As a sign of Central Asia’s slow but ongoing destabilization, the region’s governments are increasingly engaging in efforts to tighten security, with the assistance of the Kremlin. Russian President Vladimir Putin participated in a meeting on Dec. 21 of the Collective Security Council of the Collective Security Treaty Organization, an institution that includes Russia, Armenia, Belarus, Kazakhstan, Kyrgyzstan and Tajikistan. As in other recent regional summits, much of the discussion centered on security in Central Asia and efforts to fight terror groups. Russia maintains a military presence in Central Asia through its bases in Kyrgyzstan and Tajikistan. For Moscow, as well as for Beijing and Washington, Central Asia is a key concern due to the fact that upheaval in the region could impact security interests in Afghanistan, as well as internal security in Russia and Western China.
Today, Russian Defense Minister Sergei Shoigu announced that Russia is rearming Kyrgyzstan’s military in order to counter the threat posed by the Islamic State. The announcement comes less than two weeks after Kyrgyz forces were engaged in an armed confrontation with an alleged terror cell in the country’s capital, Bishkek, and merely a few weeks after the Kyrgyz government’s Dec. 1 decision to tighten border controls.
Central Asian governments are increasingly signaling that they are nervous, both about the region’s security challenges and troubling economic problems. A report by Tajikistan’s Statistical Agency published in December showed that in the first nine months of this year, about 20,000 individual entrepreneurs returned their business licenses, signaling that the country’s business environment, especially for small businesses, is rapidly deteriorating. There are about 155,000 such individual entrepreneurs in Tajikistan currently, out of a total of 305,000 businesses registered at the beginning of the second half of 2015. This phenomenon is in part the result of Tajikistan’s currency woes. Like other Central Asian countries, Tajikistan’s currency has greatly weakened as the value of Russian ruble has fallen. At the same time, as we noted in a briefing late last week, many Tajiks working in Russia have returned home, while the value of remittances flowing from Russia to Tajikistan has fallen by over 65 percent in the first nine months of this year.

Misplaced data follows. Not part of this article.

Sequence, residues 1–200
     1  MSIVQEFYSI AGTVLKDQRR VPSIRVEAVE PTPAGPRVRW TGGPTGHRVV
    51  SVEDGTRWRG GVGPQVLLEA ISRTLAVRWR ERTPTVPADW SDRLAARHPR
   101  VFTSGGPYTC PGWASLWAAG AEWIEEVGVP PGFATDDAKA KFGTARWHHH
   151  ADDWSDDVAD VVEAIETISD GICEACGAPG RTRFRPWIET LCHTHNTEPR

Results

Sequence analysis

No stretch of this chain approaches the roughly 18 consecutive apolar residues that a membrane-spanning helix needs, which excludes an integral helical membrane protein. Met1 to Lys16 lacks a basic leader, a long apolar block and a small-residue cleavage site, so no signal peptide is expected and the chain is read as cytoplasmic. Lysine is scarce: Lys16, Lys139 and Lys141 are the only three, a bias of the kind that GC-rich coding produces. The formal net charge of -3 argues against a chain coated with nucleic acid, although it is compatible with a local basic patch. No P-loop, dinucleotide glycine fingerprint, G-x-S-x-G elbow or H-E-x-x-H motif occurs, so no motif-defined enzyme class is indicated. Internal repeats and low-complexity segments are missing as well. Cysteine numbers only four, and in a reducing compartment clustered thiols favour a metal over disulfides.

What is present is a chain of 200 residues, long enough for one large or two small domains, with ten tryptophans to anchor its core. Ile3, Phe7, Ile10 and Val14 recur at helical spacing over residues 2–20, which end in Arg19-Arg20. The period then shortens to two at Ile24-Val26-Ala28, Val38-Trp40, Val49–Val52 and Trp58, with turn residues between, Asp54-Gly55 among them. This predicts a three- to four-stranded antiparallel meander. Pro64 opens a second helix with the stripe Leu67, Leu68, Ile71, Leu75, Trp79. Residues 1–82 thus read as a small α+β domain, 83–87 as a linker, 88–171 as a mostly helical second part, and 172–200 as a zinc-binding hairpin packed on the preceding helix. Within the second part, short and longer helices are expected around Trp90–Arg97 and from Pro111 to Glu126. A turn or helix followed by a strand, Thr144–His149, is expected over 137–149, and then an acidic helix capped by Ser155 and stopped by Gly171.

The Tajik authorities are visibly concerned about internal stability. A crackdown on the opposition Islamic Renaissance Party of Tajikistan, which has intensified since the summer, is now reportedly being expanded to the relatives of party members. The party is too weak to pose a threat to Tajikistan’s regime, but internal economic woes and fear of protests is likely motivating the regime to quash most forms of dissent.
In our annual forecast for 2016, Geopolitical Futures noted that Central Asia is being hit by multiple forces. Russia’s economic troubles and China’s slowdown will impact countries throughout the region and, while we do not expect significant regime changes in the coming year, we are anticipating deteriorating economic conditions to contribute to instability throughout the region. As 2015 comes to a close, there are growing indications that Central Asia’s challenges are intensifying and the region is slowly destabilizing.